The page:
Schumer box

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The Schumer box is a summary of the costs of a credit card. It is named after Charles Schumer, the New York congressman who was responsible for the legislation[1] that requires that terms of credit cards be clearly outlined in any promotional material. The law was enacted in 1988 and took effect in 1989 in the United States.[2] Similar legislation was enacted in the United Kingdom and took effect in March 2004. Credit card companies are required to list long-term rates in at least 18-point type and other key disclosures in 12-point type.

The Schumer box includes:

All credit card companies use the same format, making comparison shopping for credit cards easy. Although the schumer’s box contains the basic terms of the credit card, there are other terms that one should look for in the fine print. For example,

  1. Universal default clause – If you are reported late by another creditor, your APR can be increased even if you are paying your bills on time with that creditor.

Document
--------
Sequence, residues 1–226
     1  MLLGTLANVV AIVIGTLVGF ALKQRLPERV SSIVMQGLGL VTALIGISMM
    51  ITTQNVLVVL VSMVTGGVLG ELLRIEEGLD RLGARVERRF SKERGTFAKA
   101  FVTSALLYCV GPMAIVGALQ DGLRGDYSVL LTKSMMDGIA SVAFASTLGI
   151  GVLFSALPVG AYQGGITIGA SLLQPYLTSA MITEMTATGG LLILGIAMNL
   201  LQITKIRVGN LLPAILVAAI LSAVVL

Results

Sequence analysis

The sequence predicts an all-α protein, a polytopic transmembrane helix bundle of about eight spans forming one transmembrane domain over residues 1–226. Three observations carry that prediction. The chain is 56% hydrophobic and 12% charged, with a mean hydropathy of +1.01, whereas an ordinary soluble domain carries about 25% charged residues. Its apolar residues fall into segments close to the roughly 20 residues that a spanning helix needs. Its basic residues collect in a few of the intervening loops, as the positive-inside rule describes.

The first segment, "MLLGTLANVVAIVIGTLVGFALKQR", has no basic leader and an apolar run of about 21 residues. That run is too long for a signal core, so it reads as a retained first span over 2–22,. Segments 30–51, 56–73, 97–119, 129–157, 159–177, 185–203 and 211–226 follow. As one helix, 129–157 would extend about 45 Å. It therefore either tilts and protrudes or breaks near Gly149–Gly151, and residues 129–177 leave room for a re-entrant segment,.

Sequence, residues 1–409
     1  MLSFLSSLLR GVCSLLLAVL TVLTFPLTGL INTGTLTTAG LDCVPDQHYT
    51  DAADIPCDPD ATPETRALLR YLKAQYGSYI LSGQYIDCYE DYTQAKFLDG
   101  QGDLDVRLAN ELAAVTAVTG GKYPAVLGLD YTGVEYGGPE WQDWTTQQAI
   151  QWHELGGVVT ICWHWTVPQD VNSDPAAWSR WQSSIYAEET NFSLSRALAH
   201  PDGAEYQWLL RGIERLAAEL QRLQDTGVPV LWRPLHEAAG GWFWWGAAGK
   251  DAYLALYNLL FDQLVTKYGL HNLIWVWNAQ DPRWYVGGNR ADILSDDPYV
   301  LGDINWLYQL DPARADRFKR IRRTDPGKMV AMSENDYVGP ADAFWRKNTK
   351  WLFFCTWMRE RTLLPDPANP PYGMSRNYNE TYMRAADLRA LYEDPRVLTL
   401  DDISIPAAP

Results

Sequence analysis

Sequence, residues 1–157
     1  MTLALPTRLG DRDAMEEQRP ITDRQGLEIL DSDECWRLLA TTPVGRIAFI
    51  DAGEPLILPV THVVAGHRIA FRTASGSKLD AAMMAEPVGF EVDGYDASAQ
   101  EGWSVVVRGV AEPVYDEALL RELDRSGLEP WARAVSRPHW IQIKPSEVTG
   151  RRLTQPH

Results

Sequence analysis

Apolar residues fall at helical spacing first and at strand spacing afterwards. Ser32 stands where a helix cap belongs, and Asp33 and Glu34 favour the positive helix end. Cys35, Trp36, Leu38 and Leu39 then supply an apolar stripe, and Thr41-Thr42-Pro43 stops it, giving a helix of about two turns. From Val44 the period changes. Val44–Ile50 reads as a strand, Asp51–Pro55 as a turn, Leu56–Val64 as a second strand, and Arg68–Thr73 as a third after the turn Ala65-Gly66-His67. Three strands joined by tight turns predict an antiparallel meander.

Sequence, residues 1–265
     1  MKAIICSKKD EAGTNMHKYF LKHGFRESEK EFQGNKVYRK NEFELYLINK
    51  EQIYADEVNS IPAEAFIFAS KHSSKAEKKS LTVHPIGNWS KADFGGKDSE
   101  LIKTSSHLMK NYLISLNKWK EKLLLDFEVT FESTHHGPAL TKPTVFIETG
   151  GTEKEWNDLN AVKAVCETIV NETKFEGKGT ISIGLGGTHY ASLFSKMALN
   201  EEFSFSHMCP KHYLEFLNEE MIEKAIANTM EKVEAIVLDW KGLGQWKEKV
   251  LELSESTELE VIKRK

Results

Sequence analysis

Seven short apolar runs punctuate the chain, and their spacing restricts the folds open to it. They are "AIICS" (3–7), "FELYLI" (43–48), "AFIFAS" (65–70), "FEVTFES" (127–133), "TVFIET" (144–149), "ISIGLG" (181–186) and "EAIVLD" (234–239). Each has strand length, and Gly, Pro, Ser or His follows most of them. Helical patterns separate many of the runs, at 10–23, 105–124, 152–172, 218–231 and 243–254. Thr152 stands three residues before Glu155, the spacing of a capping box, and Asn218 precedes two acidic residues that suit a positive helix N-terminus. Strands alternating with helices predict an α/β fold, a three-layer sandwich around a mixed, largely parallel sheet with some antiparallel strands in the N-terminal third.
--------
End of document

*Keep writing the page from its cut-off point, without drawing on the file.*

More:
2. Dispute resolutions, binding arbitrations – Disputes are settled by an independent third party body instead of a judge or court. The arbitrator’s decision is final and cannot be disputed or appealed. There are two types of arbitrations – voluntary and mandatory. In mandatory, a consumer waives their constitutional right to sue and must use an arbitrator instead to resolve disputes. In voluntary, the consumer and company may mutually agree to allow a third party to intervene.
  3. Double Billing Cycles - You are charged interest on your current billing cycle and the previous one. As such, even though you may have paid your previous balance in full, you are still charged interest on it.
  4. Fees – Read your contract for other fees you may incur. For example, some credit card companies charge a fee for not updating your account every year.

Other names that the Schumer box is known as include the summary box, transparency box, clarity box, consumer box and honesty box.

[edit] References

  1. ^ Senator Schumer Website: Press Room
  2. ^ "Final Rule: Truth in Lending; Credit and Charge Card Disclosures (12 CFR Part 226)". Docket No. R-0654, Board of Governors of the Federal Reserve System, April 6, 1989, p. 1.
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